Nomura is as manic as every other bank when it comes to cost-cutting, but apparently not in fixed income. The Japanese bank plans to beef up its fixed income staff in Asia, Europe and the Americas, where it just hired two managing directors for foreign exchange and interest-rates sales, according to Bloomberg.
No hiring projections were given, but the bank sounds pretty desperate to add sales staff. Nomura is eyeing talent in rates, credit, currencies and securitized products, and even said it would swoop up any talented U.S. investment bankers that come up on its radar, particularly in health and technology.
The decision to add headcount is fairly surprising considering the bank is in the midst of a $1 billion cost-cutting effort. Then there’s the fixed income sector, an area other banks like UBS are walking away from. But Chief Operating Officer Atsushi Yoshikawa said the bank is suffering from “a shortage of staff to reach clients.”
Fixed income staffers continue to retreat from Morgan Stanley, and there are likely thousands of former UBS bankers sitting around, so Nomura should have no problem filling seats.
Who’s Your Daddy? (eFinancialCareers)
Succeeding as an entry-level financial advisor takes an impressive personal network along with an understanding that, for the first two to five years on the job, you’re nothing but a salesperson.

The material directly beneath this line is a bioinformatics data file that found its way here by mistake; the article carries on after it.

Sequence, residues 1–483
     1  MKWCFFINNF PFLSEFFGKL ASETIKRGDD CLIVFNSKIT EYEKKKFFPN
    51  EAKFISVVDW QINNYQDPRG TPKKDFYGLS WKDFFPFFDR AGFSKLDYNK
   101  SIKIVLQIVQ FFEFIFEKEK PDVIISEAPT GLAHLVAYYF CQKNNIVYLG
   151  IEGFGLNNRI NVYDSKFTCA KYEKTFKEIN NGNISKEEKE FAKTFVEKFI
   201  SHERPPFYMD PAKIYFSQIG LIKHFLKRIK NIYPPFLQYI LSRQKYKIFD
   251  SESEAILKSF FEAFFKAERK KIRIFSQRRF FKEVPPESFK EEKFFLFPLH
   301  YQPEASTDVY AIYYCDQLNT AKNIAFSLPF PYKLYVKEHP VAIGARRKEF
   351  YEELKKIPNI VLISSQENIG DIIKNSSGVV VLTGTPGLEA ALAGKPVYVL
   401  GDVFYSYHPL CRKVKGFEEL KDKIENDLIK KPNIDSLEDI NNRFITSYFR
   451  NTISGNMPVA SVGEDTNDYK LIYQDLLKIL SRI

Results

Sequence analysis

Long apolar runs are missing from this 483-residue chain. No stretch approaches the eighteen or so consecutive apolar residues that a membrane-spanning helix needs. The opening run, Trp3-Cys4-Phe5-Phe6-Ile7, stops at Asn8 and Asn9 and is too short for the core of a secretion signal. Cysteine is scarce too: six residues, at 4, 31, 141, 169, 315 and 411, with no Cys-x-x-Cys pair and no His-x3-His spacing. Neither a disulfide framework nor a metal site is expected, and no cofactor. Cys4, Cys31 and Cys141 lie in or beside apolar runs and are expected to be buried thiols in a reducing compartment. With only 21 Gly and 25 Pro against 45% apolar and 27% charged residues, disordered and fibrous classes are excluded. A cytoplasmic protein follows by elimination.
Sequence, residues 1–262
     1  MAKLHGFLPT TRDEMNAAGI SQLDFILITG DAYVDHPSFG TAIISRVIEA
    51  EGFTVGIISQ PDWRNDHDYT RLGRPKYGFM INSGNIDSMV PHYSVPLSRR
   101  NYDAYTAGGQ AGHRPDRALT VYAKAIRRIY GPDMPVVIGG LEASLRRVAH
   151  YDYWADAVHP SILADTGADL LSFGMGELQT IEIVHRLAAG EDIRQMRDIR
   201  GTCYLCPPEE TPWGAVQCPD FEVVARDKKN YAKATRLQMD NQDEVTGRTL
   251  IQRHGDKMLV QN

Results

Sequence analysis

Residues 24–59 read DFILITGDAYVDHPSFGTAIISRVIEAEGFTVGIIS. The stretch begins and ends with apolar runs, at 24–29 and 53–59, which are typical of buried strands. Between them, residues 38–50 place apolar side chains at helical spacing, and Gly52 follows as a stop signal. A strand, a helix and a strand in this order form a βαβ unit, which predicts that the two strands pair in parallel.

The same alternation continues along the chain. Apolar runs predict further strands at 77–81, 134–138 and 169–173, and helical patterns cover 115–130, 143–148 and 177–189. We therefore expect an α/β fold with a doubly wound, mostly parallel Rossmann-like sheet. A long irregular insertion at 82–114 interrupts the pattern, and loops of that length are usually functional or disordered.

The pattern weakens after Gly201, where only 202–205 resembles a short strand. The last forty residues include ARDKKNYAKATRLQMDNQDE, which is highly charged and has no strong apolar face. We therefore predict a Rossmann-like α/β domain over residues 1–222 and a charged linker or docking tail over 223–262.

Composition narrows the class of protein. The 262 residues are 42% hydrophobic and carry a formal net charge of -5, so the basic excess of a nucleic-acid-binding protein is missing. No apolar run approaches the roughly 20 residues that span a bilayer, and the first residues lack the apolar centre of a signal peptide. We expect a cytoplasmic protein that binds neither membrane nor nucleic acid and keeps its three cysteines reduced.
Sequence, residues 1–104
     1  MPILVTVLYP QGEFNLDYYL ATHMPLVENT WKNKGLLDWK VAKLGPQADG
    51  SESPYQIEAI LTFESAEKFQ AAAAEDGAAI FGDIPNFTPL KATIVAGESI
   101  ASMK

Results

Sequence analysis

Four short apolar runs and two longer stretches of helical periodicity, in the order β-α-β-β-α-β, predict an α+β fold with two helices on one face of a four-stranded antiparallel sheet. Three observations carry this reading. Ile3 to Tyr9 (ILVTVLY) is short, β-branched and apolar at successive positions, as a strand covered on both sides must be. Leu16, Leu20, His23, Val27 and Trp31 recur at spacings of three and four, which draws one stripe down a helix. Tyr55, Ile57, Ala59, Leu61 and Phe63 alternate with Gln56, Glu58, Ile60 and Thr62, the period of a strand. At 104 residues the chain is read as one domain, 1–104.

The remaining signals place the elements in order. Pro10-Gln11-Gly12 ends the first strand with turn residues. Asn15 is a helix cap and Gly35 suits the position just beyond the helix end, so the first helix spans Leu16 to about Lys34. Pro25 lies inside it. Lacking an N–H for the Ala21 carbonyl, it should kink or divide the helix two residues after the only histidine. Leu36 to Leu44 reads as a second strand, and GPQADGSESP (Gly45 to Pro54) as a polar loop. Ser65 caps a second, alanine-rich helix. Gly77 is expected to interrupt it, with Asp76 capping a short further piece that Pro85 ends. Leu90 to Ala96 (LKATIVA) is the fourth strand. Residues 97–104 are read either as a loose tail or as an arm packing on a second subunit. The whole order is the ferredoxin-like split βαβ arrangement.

Blooming at the Right Time (WSJ)
Bloomberg has launched a new chat service designed specifically for foreign-exchange traders, giving them a singular avenue to negotiate, make and report trades. It was put together before the spying scandal.
Trading Staying in New York (eFinancialCareers)
Goldman Sachs is actively growing its operations in Salt Lake City, but has no plans to open a trading floor in Utah.
Three More Execs SAC’d (WSJ)
Three close confidants of SAC Capital founder Steven Cohen have been subpoenaed as part of the federal government’s insider trading case. Compliance Chief Steven Kessler is among the group.
Hopefully They Were Good Seats (The Republic)
Proxy firm Institutional Shareholder Services, which made waves earlier this month by recommending shareholders strip J.P. Morgan CEO Jamie Dimon of his chairman role, is back in the news. The firm was fined $300,000 after an employee leaked information on confidential proxy votes in exchange for tickets to concerts and sporting events.
Changing Seats (Reuters)
J.P. Morgan has named Barry Sommers the new chief executive of its consumer bank. Sommers will take over for Ryan McInerney, who is headed to Visa.
Poaching War (Financial News)
Chicago high frequency trading firm Jump Trading has grown its London headcount from 10 to 25 in the last year. The firm just poached a team of traders from Bank of America.
Buzz Around the Office
She’s the Princess (YouTube)
Ever wonder what your outlandish conversations with your kids would sound like if they took place between two grown men? Now you don’t have to.
List of the Day: Interview Mistakes
Hiring managers make mistakes in interviews too, often scaring away top talent. Here are a few big ones.
- Not studying the resume before the interview.
- Not taking notes.
- Rushing through the process.